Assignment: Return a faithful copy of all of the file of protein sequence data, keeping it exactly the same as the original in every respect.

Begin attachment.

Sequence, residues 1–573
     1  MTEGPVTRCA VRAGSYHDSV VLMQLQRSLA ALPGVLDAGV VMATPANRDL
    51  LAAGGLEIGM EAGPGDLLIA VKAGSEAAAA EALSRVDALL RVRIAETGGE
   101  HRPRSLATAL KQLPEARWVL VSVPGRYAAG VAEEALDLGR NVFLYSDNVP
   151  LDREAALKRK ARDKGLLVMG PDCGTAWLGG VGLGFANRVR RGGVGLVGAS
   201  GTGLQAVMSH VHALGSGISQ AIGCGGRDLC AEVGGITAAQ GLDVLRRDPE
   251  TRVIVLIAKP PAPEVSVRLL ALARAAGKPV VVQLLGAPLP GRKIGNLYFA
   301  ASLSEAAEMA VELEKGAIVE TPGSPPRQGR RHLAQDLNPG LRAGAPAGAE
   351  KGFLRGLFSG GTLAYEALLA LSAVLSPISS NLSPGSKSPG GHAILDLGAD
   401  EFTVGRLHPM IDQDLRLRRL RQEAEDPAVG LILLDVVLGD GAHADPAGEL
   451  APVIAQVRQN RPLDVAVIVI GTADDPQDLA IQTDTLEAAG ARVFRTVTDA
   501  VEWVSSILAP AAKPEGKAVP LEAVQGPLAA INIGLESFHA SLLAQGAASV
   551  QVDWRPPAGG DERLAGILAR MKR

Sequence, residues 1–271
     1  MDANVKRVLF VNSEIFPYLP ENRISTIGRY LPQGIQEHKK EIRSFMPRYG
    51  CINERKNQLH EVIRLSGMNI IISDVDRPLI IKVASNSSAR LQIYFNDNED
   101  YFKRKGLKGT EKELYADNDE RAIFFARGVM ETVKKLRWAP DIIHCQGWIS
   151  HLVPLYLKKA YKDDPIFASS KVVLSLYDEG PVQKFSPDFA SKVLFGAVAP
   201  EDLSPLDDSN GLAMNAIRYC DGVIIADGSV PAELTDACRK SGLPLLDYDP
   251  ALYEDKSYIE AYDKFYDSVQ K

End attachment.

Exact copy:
Sequence, residues 1–573
     1  MTEGPVTRCA VRAGSYHDSV VLMQLQRSLA ALPGVLDAGV VMATPANRDL
    51  LAAGGLEIGM EAGPGDLLIA VKAGSEAAAA EALSRVDALL RVRIAETGGE
   101  HRPRSLATAL KQLPEARWVL VSVPGRYAAG VAEEALDLGR NVFLYSDNVP
   151  LDREAALKRK ARDKGLLVMG PDCGTAWLGG VGLGFANRVR RGGVGLVGAS
   201  GTGLQAVMSH VHALGSGISQ AIGCGGRDLC AEVGGITAAQ GLDVLRRDPE
   251  TRVIVLIAKP PAPEVSVRLL ALARAAGKPV VVQLLGAPLP GRKIGNLYFA
   301  ASLSEAAEMA VELEKGAIVE TPGSPPRQGR RHLAQDLNPG LRAGAPAGAE
   351  KGFLRGLFSG GTLAYEALLA LSAVLSPISS NLSPGSKSPG GHAILDLGAD
   401  EFTVGRLHPM IDQDLRLRRL RQEAEDPAVG LILLDVVLGD GAHADPAGEL
   451  APVIAQVRQN RPLDVAVIVI GTADDPQDLA IQTDTLEAAG ARVFRTVTDA
   501  VEWVSSILAP AAKPEGKAVP LEAVQGPLAA INIGLESFHA SLLAQGAASV
   551  QVDWRPPAGG DERLAGILAR MKR

Sequence, residues 1–271
     1  MDANVKRVLF VNSEIFPYLP ENRISTIGRY LPQGIQEHKK EIRSFMPRYG
    51  CINERKNQLH EVIRLSGMNI IISDVDRPLI IKVASNSSAR LQIYFNDNED
   101  YFKRKGLKGT EKELYADNDE RAIFFARGVM ETVKKLRWAP DIIHCQGWIS
   151  HLVPLYLKKA YKDDPIFASS KVVLSLYDEG PVQKFSPDFA SKVLFGAVAP
   201  EDLSPLDDSN GLAMNAIRYC DGVIIADGSV PAELTDACRK SGLPLLDYDP
   251  ALYEDKSYIE AYDKFYDSVQ K